LEWISTON – Heather Skolfield walked out of the Lewiston Armory Wednesday afternoon satisfied, but not any happier.

“I’m certainly not happy to be paying what I have to pay, but at least I understand it now,” she said. “They explained it. They had an answer for every question I had.”

Skolfield was among the 100 taxpayers who trooped through the armory Wednesday to meet with assessors and get more information about property taxes and the city’s recent revaluation.

Tax Assessor Joe Grube expects to see about 100 people a day for the next week, he said. The informal meetings are scheduled to continue for at least three weeks.

Notices showing tax increases for five of every six residential properties were mailed out last week. Overall, values for residential properties are up 108 percent. Values for the city as a whole – including residential and commercial land – increased by 62 percent.

The city should close the books on the revaluation by July. Taxpayers will see the new values in September when tax bills are mailed.

Skolfield said she bought her 20 Valley St. home six months ago and was surprised that her new valuation came in higher than what she paid.

“The assessor said property values are increasing an average of 1.5 percent a month right now, so that makes sense,” Skolfield said.

But she plans to make sure.

“The first thing I’m going to do is call my Realtor,” she said.

Lucien Soucy was much more skeptical. Speaking for his aunt, Lucy Belanger, Soucy said they would hire their own appraiser to prove the city wrong. Values on his aunt’s house rose from $66,000 last year to $125,900.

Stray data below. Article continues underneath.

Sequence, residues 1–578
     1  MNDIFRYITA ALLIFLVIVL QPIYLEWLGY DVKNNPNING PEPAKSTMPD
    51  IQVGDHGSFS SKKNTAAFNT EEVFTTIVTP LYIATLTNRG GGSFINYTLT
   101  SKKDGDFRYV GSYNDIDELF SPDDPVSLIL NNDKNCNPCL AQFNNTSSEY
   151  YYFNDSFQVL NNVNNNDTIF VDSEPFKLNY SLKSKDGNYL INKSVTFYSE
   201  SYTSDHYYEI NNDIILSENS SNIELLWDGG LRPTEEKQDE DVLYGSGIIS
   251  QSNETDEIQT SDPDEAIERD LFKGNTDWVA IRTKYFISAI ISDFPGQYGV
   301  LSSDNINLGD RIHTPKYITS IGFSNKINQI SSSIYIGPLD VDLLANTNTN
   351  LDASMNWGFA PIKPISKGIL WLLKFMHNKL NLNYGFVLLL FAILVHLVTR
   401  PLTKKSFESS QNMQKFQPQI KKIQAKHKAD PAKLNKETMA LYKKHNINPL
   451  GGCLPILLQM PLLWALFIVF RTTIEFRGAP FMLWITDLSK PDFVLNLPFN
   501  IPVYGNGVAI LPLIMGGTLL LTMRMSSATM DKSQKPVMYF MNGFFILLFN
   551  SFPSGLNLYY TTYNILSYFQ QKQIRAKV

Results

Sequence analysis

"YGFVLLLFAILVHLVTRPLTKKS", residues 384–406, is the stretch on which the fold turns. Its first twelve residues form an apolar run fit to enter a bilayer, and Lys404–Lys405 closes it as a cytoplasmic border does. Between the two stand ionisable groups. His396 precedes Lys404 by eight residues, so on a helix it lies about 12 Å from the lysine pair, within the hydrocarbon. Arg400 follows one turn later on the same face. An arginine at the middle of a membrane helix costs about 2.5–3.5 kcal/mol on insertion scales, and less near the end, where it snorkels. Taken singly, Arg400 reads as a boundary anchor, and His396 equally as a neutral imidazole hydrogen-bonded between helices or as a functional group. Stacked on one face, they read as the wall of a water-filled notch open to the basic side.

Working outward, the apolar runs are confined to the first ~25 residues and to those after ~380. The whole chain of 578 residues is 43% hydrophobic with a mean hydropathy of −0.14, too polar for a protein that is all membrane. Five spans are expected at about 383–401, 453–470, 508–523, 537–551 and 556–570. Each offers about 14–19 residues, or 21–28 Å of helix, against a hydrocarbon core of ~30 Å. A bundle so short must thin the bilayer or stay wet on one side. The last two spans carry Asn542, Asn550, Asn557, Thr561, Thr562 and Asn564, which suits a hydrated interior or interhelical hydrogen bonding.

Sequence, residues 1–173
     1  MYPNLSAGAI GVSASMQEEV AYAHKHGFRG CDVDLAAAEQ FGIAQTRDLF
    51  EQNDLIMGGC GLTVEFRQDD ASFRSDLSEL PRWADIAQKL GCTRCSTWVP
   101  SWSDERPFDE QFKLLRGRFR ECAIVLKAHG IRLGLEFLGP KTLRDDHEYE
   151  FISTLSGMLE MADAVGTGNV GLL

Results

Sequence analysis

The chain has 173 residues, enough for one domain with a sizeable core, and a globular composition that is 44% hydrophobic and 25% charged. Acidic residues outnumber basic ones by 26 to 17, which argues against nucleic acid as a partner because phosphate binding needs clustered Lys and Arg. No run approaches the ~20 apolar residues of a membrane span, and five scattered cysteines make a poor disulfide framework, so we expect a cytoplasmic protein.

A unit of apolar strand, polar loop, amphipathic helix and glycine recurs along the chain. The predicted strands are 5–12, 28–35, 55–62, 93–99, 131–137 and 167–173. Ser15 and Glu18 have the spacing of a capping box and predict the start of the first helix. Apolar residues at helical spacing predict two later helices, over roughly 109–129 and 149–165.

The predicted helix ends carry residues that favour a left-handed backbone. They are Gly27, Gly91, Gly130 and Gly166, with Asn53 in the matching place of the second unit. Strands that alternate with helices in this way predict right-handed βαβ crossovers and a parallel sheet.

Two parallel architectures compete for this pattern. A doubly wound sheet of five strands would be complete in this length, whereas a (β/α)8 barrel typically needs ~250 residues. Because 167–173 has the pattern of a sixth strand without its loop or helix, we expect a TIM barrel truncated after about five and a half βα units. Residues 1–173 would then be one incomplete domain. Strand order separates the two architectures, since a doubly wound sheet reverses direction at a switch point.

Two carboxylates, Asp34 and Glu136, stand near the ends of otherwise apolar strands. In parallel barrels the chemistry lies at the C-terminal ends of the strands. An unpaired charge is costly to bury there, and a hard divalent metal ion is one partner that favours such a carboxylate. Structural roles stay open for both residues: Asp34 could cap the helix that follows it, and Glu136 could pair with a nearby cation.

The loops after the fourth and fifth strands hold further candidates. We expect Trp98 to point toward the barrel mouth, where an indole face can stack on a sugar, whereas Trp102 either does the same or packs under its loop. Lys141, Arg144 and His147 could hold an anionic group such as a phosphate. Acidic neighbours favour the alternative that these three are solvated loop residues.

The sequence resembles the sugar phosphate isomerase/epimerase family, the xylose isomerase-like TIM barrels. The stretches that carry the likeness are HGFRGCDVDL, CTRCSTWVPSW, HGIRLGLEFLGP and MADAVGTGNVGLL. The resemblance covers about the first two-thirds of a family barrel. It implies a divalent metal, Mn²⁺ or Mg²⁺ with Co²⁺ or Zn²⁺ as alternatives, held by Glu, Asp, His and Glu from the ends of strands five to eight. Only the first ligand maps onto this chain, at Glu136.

“It’s simply overappraised, by about 30 or 40 percent,” Soucy said. “I’d be surprised if it’s worth $80,000. This is a small home, four rooms and bath, built in the ’50s with no improvements. There’s just no way it’s worth what they say it is.”

It will be the undoing of Lewiston’s municipal government, Soucy said. He hopes taxpayers get mad enough to unseat all of the elected officials.

“I hope they just descend on these son-of-a-guns and get them,” Soucy said.

Ron Childs, of 50 Vale St., said assessors promised to take another look at his property, possibly in July. He doubts his revaluation is correct. It nearly doubled from $58,900 to $106,300.

“I didn’t learn anything today, and I don’t really feel any better about any of it,” Childs said. “But I didn’t come here expecting anything, anyway.”

Councilors are scheduled to meet again at 6 tonight to discuss the city’s budget and the proposed $40.6 million in property taxes to fund it. A public hearing on the budget is scheduled for 7 p.m. Tuesday.

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